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An online activist received a six month jail term, minus time already served, in a Friday sentencing at a Rangoon court.
After an October arrest, Kachin man Patrick Kum Jaa Lee is set for release in April 2016.
Amnesty International labeled the Hlaing Township Court verdict ‘outrageous’, and called for his immediate release.
The decision comes on the same day that 102 prisoners walked free under a presidential amnesty.
“Today’s events perfectly sum up how the Burmese authorities give with one hand and take with the other. Just hours after the prisoner amnesty was announced, an activist has been sentenced to six months in jail for nothing but a harmless Facebook post,” said Laura Haigh, Amnesty International’s Burma Researcher.
“Although we are delighted for those who walk free today, scores more remain behind bars while hundreds of other peaceful activists are on bail facing jail time.
“Amnesties like the one today have little positive long-term effect as long as the same repressive practices fueling arbitrary arrests and detention of activists continue. The guilty verdict against Patrick Kum Jaa Lee is outrageous and must be overturned,” Laura Haigh added.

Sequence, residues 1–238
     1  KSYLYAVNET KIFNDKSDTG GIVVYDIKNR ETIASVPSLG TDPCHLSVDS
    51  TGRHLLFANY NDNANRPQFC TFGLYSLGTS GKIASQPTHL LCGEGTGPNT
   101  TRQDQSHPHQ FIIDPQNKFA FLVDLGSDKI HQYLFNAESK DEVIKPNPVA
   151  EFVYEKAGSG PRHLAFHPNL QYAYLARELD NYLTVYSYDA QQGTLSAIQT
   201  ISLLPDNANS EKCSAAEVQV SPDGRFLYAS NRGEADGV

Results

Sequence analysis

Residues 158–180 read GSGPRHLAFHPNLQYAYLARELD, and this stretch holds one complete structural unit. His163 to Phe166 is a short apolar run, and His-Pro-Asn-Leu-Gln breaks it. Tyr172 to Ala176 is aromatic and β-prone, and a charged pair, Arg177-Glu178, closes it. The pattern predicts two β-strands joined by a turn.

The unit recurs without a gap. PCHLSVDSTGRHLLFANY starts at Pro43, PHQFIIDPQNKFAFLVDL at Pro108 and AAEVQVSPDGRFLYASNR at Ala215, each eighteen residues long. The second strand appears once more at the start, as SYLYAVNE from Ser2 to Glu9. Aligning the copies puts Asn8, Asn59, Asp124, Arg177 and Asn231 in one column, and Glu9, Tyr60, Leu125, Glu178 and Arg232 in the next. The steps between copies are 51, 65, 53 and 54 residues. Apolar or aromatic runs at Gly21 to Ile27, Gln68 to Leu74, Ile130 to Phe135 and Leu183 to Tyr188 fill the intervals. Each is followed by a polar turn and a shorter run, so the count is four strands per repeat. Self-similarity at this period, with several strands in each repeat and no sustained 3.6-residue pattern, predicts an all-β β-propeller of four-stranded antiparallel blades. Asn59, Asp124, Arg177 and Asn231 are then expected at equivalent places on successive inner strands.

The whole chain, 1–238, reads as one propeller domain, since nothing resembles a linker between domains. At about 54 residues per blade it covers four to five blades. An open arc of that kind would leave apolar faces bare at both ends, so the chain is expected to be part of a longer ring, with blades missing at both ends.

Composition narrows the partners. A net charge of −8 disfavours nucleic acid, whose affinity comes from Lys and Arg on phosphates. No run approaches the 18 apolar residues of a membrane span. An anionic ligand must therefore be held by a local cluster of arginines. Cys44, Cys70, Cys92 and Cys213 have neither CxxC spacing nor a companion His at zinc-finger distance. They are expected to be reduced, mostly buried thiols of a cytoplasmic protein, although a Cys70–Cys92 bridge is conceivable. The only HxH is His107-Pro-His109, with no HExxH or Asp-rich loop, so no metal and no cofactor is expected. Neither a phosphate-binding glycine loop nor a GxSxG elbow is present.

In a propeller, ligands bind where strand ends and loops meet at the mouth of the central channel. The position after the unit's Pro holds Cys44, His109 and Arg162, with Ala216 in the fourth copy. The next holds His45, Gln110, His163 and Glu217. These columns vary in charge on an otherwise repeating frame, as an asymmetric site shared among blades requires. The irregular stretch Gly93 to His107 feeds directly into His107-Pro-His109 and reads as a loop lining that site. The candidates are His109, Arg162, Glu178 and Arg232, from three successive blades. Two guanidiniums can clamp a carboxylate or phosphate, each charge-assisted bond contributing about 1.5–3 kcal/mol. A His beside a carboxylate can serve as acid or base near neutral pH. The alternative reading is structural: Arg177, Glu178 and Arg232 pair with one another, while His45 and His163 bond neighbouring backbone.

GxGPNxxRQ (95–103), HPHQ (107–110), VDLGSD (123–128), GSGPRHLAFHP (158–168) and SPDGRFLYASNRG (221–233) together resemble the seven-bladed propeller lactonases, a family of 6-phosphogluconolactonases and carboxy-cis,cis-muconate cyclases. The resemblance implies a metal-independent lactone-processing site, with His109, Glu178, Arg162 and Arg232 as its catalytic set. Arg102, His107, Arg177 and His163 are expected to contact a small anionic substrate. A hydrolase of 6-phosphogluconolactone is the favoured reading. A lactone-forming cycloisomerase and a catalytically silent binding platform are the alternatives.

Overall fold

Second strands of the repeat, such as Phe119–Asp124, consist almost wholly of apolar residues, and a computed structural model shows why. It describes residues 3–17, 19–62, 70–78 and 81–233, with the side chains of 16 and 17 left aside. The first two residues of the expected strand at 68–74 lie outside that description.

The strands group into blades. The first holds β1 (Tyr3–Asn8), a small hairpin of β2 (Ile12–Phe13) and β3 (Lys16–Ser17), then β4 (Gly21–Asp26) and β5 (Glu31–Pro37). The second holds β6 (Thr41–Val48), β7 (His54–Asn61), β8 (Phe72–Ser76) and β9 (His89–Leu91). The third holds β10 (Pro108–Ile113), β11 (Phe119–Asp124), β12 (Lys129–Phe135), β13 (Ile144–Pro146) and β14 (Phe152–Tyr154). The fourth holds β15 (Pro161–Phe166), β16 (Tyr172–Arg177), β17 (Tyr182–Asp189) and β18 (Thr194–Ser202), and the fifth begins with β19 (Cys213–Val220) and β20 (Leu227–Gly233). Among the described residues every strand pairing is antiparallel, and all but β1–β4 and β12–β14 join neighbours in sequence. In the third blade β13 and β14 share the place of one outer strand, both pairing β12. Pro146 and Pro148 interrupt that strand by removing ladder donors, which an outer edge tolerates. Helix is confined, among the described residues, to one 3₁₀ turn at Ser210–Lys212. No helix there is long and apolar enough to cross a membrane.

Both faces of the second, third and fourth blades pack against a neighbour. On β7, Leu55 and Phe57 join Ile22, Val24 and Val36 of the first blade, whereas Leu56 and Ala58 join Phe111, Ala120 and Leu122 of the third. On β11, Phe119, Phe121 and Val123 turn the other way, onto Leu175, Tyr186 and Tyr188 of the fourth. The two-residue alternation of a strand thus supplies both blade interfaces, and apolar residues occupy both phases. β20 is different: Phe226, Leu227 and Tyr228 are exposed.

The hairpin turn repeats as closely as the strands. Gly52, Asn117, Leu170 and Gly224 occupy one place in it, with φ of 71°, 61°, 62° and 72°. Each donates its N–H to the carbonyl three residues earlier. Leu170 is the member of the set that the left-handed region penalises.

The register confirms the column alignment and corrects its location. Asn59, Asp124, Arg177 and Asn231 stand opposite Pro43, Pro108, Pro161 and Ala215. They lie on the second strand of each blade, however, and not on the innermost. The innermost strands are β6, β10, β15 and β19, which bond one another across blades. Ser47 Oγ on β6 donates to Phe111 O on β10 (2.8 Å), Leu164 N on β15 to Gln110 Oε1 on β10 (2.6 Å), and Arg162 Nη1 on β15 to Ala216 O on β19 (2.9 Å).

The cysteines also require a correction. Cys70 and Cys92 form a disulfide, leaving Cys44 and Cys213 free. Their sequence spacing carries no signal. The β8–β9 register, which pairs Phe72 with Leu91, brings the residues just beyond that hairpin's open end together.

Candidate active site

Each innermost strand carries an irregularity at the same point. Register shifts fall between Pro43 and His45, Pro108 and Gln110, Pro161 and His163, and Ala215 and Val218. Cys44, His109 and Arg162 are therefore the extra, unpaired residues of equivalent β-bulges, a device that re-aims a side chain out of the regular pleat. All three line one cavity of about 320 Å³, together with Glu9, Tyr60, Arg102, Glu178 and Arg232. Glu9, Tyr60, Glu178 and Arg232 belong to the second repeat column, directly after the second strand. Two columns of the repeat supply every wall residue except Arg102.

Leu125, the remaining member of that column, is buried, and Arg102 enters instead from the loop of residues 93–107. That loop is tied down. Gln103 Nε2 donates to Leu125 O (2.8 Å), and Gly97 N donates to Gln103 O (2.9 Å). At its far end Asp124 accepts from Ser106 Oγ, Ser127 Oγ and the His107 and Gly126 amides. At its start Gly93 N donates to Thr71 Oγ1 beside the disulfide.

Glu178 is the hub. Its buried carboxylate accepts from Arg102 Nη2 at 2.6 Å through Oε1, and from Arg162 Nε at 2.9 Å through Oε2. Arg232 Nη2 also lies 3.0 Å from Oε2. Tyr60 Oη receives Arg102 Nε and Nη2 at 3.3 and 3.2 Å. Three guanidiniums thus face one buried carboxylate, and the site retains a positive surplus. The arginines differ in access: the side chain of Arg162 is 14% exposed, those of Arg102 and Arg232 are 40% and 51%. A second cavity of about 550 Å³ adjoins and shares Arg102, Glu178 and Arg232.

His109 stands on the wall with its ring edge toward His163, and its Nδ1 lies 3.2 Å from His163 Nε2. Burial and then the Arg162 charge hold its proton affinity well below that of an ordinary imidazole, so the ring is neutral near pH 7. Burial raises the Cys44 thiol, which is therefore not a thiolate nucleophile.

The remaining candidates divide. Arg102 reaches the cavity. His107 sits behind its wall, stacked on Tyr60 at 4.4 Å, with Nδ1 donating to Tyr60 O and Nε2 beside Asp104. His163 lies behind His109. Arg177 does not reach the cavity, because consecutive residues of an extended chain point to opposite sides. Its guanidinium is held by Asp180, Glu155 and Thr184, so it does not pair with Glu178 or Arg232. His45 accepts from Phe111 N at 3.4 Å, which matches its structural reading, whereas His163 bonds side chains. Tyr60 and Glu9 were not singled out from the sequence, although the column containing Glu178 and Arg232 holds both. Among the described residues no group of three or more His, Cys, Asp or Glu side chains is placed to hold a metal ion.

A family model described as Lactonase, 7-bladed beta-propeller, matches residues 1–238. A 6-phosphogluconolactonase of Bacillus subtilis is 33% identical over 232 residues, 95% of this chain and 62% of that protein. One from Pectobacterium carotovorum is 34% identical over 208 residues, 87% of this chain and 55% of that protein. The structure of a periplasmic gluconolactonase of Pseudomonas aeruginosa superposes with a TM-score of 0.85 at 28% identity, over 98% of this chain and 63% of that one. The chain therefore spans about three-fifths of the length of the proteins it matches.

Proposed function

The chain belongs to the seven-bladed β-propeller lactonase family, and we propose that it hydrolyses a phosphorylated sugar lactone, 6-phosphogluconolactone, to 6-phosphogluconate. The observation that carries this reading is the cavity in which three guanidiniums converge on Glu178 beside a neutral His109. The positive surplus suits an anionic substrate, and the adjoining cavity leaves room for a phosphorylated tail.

The NGO worker was arrested at his home in October 2015, after allegedly posting to social media a mocked-up image of Tatmadaw Commander in Chief Snr. Gen. Min Aung Hlaing being stepped on.
“The military is sending a very clear message that whoever tries to touch or criticise them, they will seriously take action,” said his wife, the women’s rights activist May Sabe Phyu told Reuters.
The defence team representing the Kachin man had applied for bail in November, citing his ailing health and worsening asthma attacks, but were denied by the court.
“He’s been having difficulty breathing and has only his inhaler to rely on. But according to his doctor, it can’t be used more than twice. Being an asthma sufferer, he frequently experiences a collapsing airway and has to use the inhaler to ease it, but that doesn’t seem to be helping now as he’s hacking a lot of mucus,” his lawyer El Kunyein Pang said in November 2015.
Both were charged under article 66 (d) of the Telecommunications Law. The charge comes under Burma’s Penal Code and relates to “extorting, coercing, restraining wrongfully, defaming, disturbing, causing undue influence or threatening to any person by using any telecommunications network”.